12/18/2008 10:26 am

The lines have been blurred in the past few years, much of that coming from they way we look at the web as a more collaborative environment. Plus, some blackhat techniques (link buying, for example) are old now and not as "shocking" to even the lily whitest whitehats.

Matt Wood

12/26/2008 09:22 pm

Very well put, Doug. Do the se's remind anybody of the Joker getting everybody he comes near to fight to the death, or is that just me?

fantomaster

12/29/2008 04:40 pm

Maybe it's time people began to realize that the "white hat"/"black hat" dichotomy has been trashed to death and was one big silly misunderstanding from its very inception anyway. Not only is it an old carrot that a "black hat" worth his or her salt can out-whitehat any self-professed "white hats" anytime. Also, there's more than one "white hat" who has resorted to techniques generally deemed to be anything but "white". But so what? At the end of the day, SEO is (or should be) about what works - with some strategies perhaps constituting more of a risk than others. No way this is going to change in the foreseeable future, no matter what Matt Cutts may claim. As to whether some "professed black hat" have really disavowed their "evil" ways or not, get real, folks! Not calling any names here, but hey, when was the last time you spilled all your beans to your competitors? Or to the search engine big brass? Concerning SES London - will be attending SEO de Janeiro instead (right during Carnival, too). Which actually IS one big time "black hat" event - or at least it's being touted as such... :) Anyway, thanks for the heads-up.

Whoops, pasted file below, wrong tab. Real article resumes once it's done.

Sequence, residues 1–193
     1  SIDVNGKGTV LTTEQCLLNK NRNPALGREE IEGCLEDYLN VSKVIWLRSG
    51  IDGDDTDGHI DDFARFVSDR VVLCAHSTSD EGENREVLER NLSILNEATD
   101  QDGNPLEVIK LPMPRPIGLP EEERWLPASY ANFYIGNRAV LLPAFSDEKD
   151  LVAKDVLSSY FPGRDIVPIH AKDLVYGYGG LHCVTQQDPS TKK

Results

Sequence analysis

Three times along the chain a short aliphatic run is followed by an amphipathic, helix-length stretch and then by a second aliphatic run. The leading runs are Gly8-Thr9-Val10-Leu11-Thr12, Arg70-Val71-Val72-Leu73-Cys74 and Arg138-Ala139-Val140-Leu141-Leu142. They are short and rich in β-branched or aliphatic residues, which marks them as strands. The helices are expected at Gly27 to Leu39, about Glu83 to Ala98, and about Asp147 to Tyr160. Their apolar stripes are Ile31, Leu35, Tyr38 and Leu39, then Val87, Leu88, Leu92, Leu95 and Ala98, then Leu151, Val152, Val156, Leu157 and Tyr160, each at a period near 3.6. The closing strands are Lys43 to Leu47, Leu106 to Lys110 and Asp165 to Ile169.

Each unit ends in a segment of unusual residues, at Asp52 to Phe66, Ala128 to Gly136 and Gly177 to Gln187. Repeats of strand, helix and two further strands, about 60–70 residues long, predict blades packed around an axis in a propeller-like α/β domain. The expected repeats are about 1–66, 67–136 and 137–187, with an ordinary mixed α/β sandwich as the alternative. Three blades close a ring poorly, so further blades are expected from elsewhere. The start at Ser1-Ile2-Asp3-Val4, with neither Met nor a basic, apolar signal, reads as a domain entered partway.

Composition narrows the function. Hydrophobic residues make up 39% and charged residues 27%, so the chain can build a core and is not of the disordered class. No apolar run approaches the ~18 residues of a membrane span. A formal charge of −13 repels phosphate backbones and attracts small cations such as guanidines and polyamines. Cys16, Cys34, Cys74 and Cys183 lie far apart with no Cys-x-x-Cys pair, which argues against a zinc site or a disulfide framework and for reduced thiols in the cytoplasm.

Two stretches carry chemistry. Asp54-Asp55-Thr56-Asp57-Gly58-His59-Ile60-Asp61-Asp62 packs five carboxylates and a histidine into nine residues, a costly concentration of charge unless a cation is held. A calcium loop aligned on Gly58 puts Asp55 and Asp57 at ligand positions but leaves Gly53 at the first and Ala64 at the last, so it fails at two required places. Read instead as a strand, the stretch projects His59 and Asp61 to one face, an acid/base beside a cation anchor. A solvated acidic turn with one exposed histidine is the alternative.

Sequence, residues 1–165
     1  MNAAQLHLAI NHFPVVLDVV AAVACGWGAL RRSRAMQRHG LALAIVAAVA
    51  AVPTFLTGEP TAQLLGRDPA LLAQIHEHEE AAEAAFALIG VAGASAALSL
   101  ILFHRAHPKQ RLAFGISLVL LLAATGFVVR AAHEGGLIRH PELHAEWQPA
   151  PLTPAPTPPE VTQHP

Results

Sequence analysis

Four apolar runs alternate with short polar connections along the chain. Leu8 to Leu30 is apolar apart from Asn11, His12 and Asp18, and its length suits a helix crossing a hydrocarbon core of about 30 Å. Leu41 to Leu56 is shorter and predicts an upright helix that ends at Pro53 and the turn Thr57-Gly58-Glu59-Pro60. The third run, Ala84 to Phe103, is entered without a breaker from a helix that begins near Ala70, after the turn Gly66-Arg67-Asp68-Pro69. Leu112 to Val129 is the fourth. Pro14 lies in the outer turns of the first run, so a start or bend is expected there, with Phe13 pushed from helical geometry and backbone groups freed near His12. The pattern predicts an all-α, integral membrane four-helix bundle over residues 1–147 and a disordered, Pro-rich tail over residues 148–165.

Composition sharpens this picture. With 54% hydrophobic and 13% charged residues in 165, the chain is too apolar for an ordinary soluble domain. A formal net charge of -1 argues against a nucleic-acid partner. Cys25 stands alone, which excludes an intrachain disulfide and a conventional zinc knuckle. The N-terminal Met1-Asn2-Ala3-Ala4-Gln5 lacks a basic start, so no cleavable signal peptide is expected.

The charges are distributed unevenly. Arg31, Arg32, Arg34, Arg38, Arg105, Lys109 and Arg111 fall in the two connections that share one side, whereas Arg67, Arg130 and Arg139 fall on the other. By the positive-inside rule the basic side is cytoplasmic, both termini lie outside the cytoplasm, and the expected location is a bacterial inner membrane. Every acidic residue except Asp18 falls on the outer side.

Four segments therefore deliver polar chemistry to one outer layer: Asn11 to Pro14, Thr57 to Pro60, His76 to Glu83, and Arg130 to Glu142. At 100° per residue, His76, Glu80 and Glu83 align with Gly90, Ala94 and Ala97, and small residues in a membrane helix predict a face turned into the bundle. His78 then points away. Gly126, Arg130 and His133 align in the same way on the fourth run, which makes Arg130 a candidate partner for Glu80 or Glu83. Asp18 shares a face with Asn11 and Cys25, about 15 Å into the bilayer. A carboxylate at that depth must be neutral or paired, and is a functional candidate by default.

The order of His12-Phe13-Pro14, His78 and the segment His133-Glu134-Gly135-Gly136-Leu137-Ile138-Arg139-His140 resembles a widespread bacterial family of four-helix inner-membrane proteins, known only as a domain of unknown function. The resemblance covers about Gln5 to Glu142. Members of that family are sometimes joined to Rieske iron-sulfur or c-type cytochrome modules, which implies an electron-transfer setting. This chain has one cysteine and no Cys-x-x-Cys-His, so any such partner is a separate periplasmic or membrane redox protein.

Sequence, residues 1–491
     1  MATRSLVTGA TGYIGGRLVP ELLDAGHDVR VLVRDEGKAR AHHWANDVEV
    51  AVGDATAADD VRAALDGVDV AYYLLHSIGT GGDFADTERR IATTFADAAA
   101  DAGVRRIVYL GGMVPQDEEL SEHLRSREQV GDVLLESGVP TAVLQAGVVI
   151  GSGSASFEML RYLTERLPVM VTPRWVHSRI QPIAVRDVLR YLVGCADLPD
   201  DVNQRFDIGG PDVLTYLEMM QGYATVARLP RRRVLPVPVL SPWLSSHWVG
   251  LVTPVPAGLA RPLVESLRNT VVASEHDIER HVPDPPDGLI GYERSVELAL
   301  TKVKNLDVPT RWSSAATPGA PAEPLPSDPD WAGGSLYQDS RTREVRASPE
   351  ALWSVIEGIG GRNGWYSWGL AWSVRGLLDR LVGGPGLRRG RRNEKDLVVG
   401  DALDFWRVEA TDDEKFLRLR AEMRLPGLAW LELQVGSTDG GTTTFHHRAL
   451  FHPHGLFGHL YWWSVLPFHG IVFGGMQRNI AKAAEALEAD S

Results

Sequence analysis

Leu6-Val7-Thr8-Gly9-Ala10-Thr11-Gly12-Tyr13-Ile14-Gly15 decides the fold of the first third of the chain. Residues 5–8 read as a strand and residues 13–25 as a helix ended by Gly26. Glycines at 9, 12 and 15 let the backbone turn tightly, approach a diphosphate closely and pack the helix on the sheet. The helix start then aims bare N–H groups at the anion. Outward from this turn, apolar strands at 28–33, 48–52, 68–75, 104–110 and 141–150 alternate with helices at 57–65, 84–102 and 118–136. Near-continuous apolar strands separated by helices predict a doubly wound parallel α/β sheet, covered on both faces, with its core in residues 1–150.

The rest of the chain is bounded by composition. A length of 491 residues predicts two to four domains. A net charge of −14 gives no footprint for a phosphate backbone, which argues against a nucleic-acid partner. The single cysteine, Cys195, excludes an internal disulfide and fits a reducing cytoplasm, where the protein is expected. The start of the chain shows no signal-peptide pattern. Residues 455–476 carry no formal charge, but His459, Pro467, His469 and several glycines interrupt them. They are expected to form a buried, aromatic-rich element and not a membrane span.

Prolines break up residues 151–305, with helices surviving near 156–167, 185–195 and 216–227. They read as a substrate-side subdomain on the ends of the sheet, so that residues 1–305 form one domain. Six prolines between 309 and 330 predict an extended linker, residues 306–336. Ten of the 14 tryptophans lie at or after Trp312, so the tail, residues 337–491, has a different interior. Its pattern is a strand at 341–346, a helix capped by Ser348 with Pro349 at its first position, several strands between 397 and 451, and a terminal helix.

quadszilla

02/04/2009 12:26 am

Ahh - but Heil's "Joe Plumer" site is actually taking LESS risk by buying links. If you're only getting 100 visits a day to your site, what are you really risking by buying links? 3k Visits a month? Who cares? The upside potential, on the other hand, is huge. No, it's not that everyone is going all whitehat. It's that Google has shown time and time again that they prefer if people SAY they are white hats. At the end of the day, all any of us really cares about it "what works".